Thursday, February 26, 2015

Thursday Trailer: Poltergeist (opens in cinemas July 23)





POLTERGEIST IMDb / FACEBOOK


A young family are visited by ghosts in their home. At first the ghosts appear friendly, moving objects around the house to the amusement of everyone, then they turn nasty and start to terrorise the family before they "kidnap" the youngest daughter.


Monday, February 23, 2015

It's Monday! What are you reading?




"It's Monday! What are you reading?" is a fun meme hosted by Sheila @ Book Journey. This is where we share the books we have read the last week and our reading plans for this week.


Book Reviewed



Every woman knows an Adam. He's a "player," the type who professes true love, but with eyes that never stop wandering. He always has the perfect excuse when you find that long strand of blonde hair stuck to his collar, and fidgets whenever you get near his computer.

Adam can't fool Bethany, who, despite her better judgment, falls head over heels for him. Bethany is far more intelligent and strong-willed than Adam bargains for, and he finds himself smitten, too.

Hilarious at times and poignant at others, Secrets of the Elusive Lover explores the age old challenge of obtaining the unattainable man, and the paradoxical issues surrounding monogamous relationships.


Secrets of the Elusive Lover by Mike Wells - 3.5 stars


Books to Review






Willowgrove Hall is full of secrets, but soon everything hidden is brought to light.

Cecily Faire has a secret—and she intends to keep it. But when she arrives at Willowgrove Hall to serve as a lady’s companion, she comes face-to-face with the only person who knows the truth about her past.

As the steward of Willowgrove Hall, Nathaniel Stanton is dedicated to serving those around him. Nothing escapes his notice—including the beautiful new lady’s companion. He is certain the lovely Miss Faire is hiding something, and he determines to uncover it. But Nathaniel has a secret of his own: he is the illegitimate son of Willowgrove’s former master. Falling in love was not part of his plans . . . until he meets Cecily Faire.

When Willowgrove’s mistress dies, everything changes. Fear of exposure forces Cecily to leave under the cover of darkness, embarking on a journey to finally find her long-lost sister. When the will is read, Nathaniel’s inheritance makes him question his future plans. Cecily and Nathaniel are forced to make decisions that will change the course of their lives. Is their love strong enough to survive?



They met at the worst possible moment...or maybe it was just in time. David McClain was about to go to war and Lindsey Wood was there at his going-away party, capturing his heart when falling for a woman was the last thing on his mind. While David was serving his country, he stayed in close contact with Lindsey. But war changes a person, and when he came home very little had the same meaning that it had before – including the romance that had sustained him. Was love truly unconquerable, or would it prove to be just another battlefield casualty?

Gooseberry Island is the most nuanced, dramatic, and romantic novel yet from a writer whose ability to plumb the depths of human emotion knows few peers. 


Currently Reading



Mallory's search for happiness leads her to a faraway place. There she finds heartache, betrayal--and danger. Can the only man she's ever loved rescue her before it's too late? Mallory Hammond is determined not to let her boyfriend, parents, or anyone else get in the way of her #1 goal--to save a life. She had that chance when she was a teenager, and the opportunity slipped away, leaving a void she's desperate to fill.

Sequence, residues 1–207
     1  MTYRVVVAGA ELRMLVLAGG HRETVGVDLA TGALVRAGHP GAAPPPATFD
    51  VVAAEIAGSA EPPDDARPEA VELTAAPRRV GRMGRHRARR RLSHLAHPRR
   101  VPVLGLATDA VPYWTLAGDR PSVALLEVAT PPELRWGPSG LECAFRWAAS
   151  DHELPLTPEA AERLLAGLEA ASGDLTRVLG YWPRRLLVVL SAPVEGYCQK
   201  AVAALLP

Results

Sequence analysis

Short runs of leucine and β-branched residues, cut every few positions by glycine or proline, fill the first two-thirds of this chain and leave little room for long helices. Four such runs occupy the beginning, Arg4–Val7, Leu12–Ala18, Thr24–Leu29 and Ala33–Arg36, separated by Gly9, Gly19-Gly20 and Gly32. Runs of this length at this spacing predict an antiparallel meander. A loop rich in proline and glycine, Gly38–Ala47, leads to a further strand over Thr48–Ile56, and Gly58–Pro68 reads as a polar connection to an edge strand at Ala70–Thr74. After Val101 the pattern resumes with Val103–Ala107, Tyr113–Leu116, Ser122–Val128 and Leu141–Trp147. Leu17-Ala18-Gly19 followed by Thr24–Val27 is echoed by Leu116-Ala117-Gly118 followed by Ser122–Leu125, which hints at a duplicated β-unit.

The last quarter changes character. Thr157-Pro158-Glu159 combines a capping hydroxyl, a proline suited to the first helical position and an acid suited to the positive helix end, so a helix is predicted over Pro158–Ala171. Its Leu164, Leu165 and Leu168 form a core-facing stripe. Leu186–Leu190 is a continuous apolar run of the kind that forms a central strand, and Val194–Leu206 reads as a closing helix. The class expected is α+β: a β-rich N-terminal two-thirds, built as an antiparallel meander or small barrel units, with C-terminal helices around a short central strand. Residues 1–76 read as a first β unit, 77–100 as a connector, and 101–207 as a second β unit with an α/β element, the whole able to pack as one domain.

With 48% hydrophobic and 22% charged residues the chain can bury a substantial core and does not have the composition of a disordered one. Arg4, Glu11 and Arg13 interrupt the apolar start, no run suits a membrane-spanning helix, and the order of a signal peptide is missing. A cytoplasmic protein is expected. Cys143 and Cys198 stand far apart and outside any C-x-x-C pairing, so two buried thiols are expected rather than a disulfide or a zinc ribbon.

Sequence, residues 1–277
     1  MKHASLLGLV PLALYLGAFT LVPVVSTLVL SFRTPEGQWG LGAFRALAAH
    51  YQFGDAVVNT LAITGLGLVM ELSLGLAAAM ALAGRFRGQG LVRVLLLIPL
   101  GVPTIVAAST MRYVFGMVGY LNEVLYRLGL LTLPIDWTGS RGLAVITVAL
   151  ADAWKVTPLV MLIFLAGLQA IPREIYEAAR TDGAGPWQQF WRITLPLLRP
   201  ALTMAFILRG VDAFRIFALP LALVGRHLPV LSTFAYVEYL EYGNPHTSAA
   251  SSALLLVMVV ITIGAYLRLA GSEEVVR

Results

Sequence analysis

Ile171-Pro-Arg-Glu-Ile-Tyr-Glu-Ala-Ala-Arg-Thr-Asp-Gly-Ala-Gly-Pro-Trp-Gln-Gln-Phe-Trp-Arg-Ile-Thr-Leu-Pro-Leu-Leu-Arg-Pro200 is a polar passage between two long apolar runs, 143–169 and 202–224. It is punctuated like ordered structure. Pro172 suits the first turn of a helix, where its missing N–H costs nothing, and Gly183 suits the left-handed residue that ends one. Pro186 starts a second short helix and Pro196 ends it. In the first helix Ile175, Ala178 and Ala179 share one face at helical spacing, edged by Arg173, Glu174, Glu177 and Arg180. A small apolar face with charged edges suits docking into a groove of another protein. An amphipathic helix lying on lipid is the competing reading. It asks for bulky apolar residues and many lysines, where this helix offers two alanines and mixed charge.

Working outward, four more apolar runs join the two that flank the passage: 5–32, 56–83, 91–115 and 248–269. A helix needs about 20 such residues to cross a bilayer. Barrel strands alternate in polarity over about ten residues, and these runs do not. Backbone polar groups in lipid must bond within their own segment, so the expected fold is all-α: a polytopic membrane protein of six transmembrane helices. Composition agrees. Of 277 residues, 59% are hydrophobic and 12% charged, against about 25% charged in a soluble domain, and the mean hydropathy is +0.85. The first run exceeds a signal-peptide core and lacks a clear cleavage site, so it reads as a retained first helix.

Then a new friend she met online offers her the chance she's dreamed of. But she'll have to leave behind everyone she loves to take it. Tate Webber has loved Mallory for years. He understands that Mallory's free spirit has to fly, and when he gives her the space she needs, he hopes that when she lands, the two of them will be in the same place and can marry at last. In a bold move--and with lots of resistance from Tate and those closest to her--Mallory decides to travel across the world to fulfill her dream. Tate begs her not to go, but Mallory embarks on the dangerous journey to Pakistan anyway, only to discover how swiftly and easily promises can be broken. Her new friend isn't who he says he is. And Mallory can only pray she'll make it out alive. 

Inspired by actual events, this riveting story will take you on a wild journey and have you asking yourself: How far would I go for love?


HOW ABOUT YOU? WHAT ARE YOU READING?

Blog Tour: Admit to Mayhem by D.J. Adamson

USE OF ANIMALS TO PROMOTE PLOT AND THEME

I use a cat named Bacardi  in my novel Admit to Mayhem, a Lillian Dove Mystery, to say something about my protagonist:

Bacardi’s my cat, named for his brown and yellow coloring and my first drinking preference of rum and Coke.  At the age of twelve, if you add enough cola, you forget all about the sweet tang of rum. Plus, Bacardi’s hair frizzed out from his body as if he’d stuck his claw in a light socket. When my hair was shorter, I’d woken up many a morning with that same look. 

My protagonist Lillian Dove is a recovered alcoholic with a 5 year sobriety; however, sobriety is not a dominate theme in the book. This is not another novel about a protagonist that cannot keep sober (be it alcohol or drugs). Instead, Lillian’s objective in the novel and series is to take on life anew with all its emotional, behavioral, and mystery challenges. With the description and affinity to her pet, I wanted the reader to get a feel for Lillian’s troubling past without doing a lot of backstory.